Trillium Book Awards Author Reading 2015

The Lucky Seven Interview, with Sam Wiebe

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Sam Wiebe

Sam Wiebe's debut was an award-winner before it even hit the shelves: his Last of the Independents scooped the prestigious Arthur Ellis Award for Best Unpublished First Novel before being picked up by Toronto publisher Dundurn Press.

Last of the Independents tells the story of 29-year old Michael Drayton, a Vancouver PI specialising in missing persons. When Mike is hired to find the vanished son of a local junk merchant, he is hindered by dubious leads, a biased court system and a shady fellow PI. As the search intensifies, Mike finds himself pulled in a dozen directions, racing to protect the innocent — if he can figure out exactly who that is.

Sam speaks to Open Book as part of our Lucky Seven series, a seven-question Q&A that gives readers a chance to hear about the writing processes of talented Canadian authors and gives authors a space to speak in depth about the thematic concerns of their newest books.

Today Sam tells us about the tough circumstances that led to writing Last of the Independents, writing by hand and good advice from David Mamet.

Open Book:

Tell us about your new book.

Sam Wiebe:

Last of the Independents is a crime novel set in Vancouver. It’s about a twentysomething, self-employed private eye who risks life and livelihood to find the missing son of a junk dealer.

I love the great crime novelists — Rankin, Chandler, Mosely, Josephine Tey. But the novel grew out of some real experiences for me. I’d finished school, moved back to the city, was broke and loaded with student debt, and had recently lost a couple of family members. The crime novel seemed a good way to explore those issues, not only matters of life and death, but the challenge, as Raymond Chandler says, of “making a living and staying reasonably honest.” I thought it would be interesting to situate a PI within the profane funk of modern life, and attempt to make the conventions of the detective story relevant to people for whom paying rent, let alone running a business, is a challenge.

Mike Drayton has all of the wisecracks and Weltschmerz of the classic PI, but with a northwest ‘DIY’ aesthetic. Like a lot of us, he struggles between taking work that is fulfilling and work that is remunerative. The events of Last of the Independents, and the choices he makes, shake him and everything he believes in.

OB:

Is there a question that is central to your book, thematically? And if so, did you know the question when you started writing or did it emerge from the writing process?

SW:

The psychologist William James talked about a type of evil which is “ministerial to a higher form of good,” as opposed to evil for its own sake. The question being, who could possibly qualify to make that distinction? How would a person ever know?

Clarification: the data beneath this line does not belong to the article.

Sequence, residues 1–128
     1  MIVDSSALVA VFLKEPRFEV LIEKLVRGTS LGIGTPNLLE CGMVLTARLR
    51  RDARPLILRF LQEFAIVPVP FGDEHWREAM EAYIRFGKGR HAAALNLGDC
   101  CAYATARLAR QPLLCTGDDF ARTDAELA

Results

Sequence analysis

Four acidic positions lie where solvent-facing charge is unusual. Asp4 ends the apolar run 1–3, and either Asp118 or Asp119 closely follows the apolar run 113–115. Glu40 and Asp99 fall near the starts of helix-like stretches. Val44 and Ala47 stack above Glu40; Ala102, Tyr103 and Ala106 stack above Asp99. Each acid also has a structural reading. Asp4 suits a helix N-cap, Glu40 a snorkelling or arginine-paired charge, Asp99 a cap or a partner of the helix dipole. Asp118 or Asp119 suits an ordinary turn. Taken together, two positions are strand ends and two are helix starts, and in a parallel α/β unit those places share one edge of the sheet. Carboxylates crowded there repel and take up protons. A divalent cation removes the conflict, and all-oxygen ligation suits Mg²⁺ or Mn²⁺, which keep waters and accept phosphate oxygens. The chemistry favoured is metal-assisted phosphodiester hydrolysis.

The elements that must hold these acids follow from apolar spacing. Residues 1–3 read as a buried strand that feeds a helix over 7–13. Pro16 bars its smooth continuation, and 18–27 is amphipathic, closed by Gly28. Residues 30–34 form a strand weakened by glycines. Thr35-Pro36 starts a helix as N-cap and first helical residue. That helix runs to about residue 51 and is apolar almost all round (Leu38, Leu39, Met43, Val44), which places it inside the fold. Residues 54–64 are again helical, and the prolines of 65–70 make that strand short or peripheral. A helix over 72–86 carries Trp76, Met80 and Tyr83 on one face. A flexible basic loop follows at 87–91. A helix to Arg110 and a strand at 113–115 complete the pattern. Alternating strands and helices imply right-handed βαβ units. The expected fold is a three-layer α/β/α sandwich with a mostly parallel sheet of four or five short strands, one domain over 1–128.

A little less philosophically, I wanted to look at the question of work. When our job becomes our identity, how far will we go to maintain it?

OB:

Did the book change significantly from when you first starting working on it to the final version? How long did the project take from start to finish?

SW:

I had an ending in mind when I started, but by the time I got to that point I realized it was false. It pulled punches. The story dictated another ending.

It takes the better part of a year for me, from first draft to final revisions.

OB:

What do you need in order to write — in terms of space, food, rituals, writing instruments?

SW:

I write by hand, pen to paper. Sick, isn’t it?

After, I transcribe into Pages or Scrivener for editing.

Coffee or tea and music doesn’t hurt.

OB:

What do you do if you're feeling discouraged during the writing process? Do you have a method of coping with the difficult points in your projects?

SW:

David Mamet said that there’s a reason why writers commonly have second act problems — the second act is where the main character struggles to find a way through her problems. She either innovates, transcends or admits defeat. The author is placed in the same position; by that point inspiration has faded, the outline has proven flawed, and you can’t remember why you started the damn thing in the first place. But that self-doubt is, I think, inevitable, and probably a sign that you’re on the right track. The author and protagonist have to share in that uncertainty.

OB:

What defines a great book, in your opinion? Tell us about one or two books you consider to be truly great books.

SW:

A great book is an unrelentingly honest portrayal of a character’s struggle. Mattie Ross in True Grit, Grady Tripp in Wonder Boys, Anna Karenina — all are shown in what Henry James calls their “obstinate finality.”

I don’t judge crime fiction any differently. My current favourites, Peter Temple and Tana French, are experts at creating characters and allowing their decisions to propel the narrative.

OB:

What are you working on now?

SW:

My second novel is finished and with my agent. It’s called Chelsea Loam, and looks at the disappearance of a troubled young woman, and the effect her disappearance has on the city of Vancouver.


Sam Wiebe Last of the Independents won an Arthur Ellis Award for Best Unpublished First Novel. His prize-winning crime fiction has been published internationally. Recent projects include audio adaptations of Hamlet and Frankenstein, an independent film script, and a follow-up novel. He lives in Vancouver.

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